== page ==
To adjust a few of the more relevant settings on the router:

 

The AiProtection - Network Protection provided by Trend Micro.  I have this enabled so that the router will check for recognized malware sites and present a warning page instead of the expected web address that you are trying to use.

 

Next, navigate to LAN .... Switch control: 

 

NAT Acceleration:  Set to Enabled    Note if this is kicked off by some function that requires the CPU to process the data, as in Traffic Monitoring, and others, the data rate throughput will drop when you are running speeds higher than 100 Mb/s.  For high throughput, this NAT Acceleration (Broadcom's Cut Through Forwarding) must be enabled.  This is a whole other topic for discussion.

 

Next, navigate to Wireless ... Professional;


Select 2.4 Ghz for Band:

 

Set the following to Enabled:

 

Enable TX Bursting
Enable WMM APSD
Reducing USB 3.0 interference 
Optimize AMPDU aggregation
Optimize ack suppression
Turbo QAM
Airtime Fairness
Explicit Beamforming
Universal Beamforming

 

Set: Tx power adjustment full right to Performance

 

Select  Apply to save the changes.

 

 

Select 5.0 Ghz for Band:

 

Set the following to Enabled:

 

Enable TX Bursting
Enable WMM APSD
Optimize AMPDU aggregation
Optimize ack suppression
Airtime Fairness
802.11ac Beamforming
Universal Beamforming

 

Set: Tx power adjustment full right to Performance

 

Select  Apply to save the changes.

 

Reboot the router.

 

To access the Hitron modem when its running in Bridge mode and the router is in full router mode, use 192.168.100.1 as the web browser address for the Hitron login page.  That can be used by any device connected to the Asus Router, regardless of wired or wifi connection.  By using that address with a device that is connected to the router, you don't have to rip apart your network, or connect a laptop directly to the modem in order access it.

 

Note that with the router, you have the option of keeping IPV6 disabled.  I believe that the default for the Asus routers is disabled.  That might prevent some ongoing issues with site accessibility, until Rogers has fully implemented IPV6. 

 

There are others on the site who also use Asus routers, so if you run into any issues, please let us know.

 

Edit:  Set the 5 Ghz channel to 149 or higher and try the 40 Mhz bandwidth setting.  I don't know if the bandwidth setting for the AC1200 will go to 80 Mhz or not, so, if so, that is something that is worth experimenting with.  The trade off is higher data rates at close ranges to the router, versus spreading out the power output across a larger bandwidth which can reduce the range.  Even if you try a higher bandwidth setting, ie: 80 Mhz, if the co-channel is occupied at the receiving end, the transmitting device will default back to the normal channel bandwidth, which in the 5 Ghz band is 40 Mhz.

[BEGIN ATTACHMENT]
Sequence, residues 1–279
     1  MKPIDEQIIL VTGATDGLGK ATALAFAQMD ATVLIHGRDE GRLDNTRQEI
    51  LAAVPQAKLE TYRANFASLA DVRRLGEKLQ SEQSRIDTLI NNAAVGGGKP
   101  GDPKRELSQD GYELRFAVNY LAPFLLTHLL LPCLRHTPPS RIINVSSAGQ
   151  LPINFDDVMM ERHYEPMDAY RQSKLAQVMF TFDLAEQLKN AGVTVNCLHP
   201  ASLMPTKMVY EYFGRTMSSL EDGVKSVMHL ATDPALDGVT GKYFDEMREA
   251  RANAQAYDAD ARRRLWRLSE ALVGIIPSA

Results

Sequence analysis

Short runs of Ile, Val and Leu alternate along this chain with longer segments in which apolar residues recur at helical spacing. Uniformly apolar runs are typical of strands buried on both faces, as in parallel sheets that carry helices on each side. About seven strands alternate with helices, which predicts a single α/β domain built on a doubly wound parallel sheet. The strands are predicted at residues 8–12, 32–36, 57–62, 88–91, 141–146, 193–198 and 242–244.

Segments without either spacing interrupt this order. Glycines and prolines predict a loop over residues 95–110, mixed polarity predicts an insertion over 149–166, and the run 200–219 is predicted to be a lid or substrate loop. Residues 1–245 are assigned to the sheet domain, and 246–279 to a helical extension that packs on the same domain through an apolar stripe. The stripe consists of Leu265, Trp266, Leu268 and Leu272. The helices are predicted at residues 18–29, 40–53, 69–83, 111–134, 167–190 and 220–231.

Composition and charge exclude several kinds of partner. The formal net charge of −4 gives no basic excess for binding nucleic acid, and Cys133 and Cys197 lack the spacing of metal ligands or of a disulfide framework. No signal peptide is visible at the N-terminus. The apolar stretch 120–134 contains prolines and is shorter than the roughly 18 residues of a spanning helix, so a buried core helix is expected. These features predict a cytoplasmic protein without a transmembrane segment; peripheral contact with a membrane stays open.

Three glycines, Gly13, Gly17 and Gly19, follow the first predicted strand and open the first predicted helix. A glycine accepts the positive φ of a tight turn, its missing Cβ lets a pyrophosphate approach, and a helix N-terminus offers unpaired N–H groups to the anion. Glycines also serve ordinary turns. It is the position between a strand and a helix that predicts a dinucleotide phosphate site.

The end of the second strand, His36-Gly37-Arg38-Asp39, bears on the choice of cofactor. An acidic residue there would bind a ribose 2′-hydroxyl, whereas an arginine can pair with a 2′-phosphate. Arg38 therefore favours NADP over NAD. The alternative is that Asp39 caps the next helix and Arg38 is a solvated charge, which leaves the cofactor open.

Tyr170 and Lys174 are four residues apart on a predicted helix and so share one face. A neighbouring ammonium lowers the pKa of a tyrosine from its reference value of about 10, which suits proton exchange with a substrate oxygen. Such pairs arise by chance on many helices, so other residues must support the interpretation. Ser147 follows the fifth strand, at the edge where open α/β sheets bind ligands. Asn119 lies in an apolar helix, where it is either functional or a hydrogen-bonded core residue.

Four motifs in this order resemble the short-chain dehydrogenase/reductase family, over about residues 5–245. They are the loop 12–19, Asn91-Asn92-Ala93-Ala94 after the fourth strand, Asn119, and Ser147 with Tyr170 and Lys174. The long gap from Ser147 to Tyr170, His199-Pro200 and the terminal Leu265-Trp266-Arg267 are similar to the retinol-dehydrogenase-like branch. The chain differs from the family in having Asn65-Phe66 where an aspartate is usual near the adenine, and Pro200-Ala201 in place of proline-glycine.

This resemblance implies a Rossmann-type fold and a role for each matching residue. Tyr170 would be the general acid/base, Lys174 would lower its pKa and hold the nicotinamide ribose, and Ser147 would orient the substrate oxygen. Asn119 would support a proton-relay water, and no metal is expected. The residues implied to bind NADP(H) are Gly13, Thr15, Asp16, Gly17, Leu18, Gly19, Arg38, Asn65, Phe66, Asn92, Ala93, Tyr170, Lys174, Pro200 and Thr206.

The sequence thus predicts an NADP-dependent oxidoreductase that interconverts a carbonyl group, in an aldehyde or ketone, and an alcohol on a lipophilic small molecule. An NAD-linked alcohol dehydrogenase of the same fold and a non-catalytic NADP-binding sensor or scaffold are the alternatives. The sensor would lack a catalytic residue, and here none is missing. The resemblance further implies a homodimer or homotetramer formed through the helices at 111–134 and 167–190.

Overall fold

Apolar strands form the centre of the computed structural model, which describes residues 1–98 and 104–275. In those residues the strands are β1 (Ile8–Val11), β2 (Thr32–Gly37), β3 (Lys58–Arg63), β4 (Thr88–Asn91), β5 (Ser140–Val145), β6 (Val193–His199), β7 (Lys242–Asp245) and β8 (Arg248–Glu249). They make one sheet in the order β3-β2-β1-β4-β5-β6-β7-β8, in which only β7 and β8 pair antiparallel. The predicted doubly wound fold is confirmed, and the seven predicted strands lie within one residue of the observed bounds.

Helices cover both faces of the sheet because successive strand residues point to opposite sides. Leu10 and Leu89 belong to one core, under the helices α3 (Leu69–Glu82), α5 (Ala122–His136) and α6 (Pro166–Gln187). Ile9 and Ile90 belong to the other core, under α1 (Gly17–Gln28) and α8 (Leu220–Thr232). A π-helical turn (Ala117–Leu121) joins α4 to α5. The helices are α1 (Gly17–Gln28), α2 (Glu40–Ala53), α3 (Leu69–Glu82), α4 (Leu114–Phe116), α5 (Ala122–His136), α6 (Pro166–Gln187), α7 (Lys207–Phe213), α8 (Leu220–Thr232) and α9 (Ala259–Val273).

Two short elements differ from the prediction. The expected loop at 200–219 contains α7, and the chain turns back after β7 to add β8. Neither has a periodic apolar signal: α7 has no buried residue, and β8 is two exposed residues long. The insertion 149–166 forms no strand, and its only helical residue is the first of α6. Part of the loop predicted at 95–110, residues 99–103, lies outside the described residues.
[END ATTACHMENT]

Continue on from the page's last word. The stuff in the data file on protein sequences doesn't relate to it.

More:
The higher channels have a higher allowed power output, which will help with range to the remote device and data rates.   This is where the newer, licenced version of inSSIDer comes into play so that you can see who else is running a network in those upper channels and work around them, if that's possible. 



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Re: Hitron CGN2 verrrry slow wifi for one laptop only

Glad to see that people that know what's going on still have trouble

 

2 cents worth 

 

- had to get cgn2 for upgrade

- connection dropping frequently on pc and mobile

- got another cgn2 - same problem

- got a wireless router - no problem

 

- rogers should provide ‎inSSIDer- whoops - might show their modem is no good

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Re: Hitron CGN2 verrrry slow wifi for one laptop only

@artgirl

 

I recently configured a friend's system with similar hardware as you.  What I did was as follows:

 

1) for windows PC:  download http://www.nirsoft.net/utils/wifi_information_view.html

 

this is a FREE utility that will scan your area to determine what is the best channel to use for 2.4, etc.

 

2) On the router, set the 2.4 to wireless N only and select a channel that is least used.  Remember channels 1, 6, 11 are the best ones to use and of the 3, find the best one.  Also, keep the channel set to 20 Mhz as there may be other networks in the area and 40 mhz wide channel can cause issues.

 

3) for the 5 Ghz, set it to any modulation (n, ac, etc.) and set a channel at 149 or above as this gives you the max speed.

 

4) Make sure all encryption is set to WPA2 infrastructure mode

 

5) save the settings, wait a couple of minutes and then unplug the power from the router and plug it back in 3 minutes.  that will flush the buffers and restart everything.  you should be good to go now.

 

 

Keep in mind that unless you have high end 3x3 AC based network cards, it will rarely match the speed of wired.  Granted your speed setting is low so you can get the most out of it.  Using the above hardware and the steps I listed you should be just fine.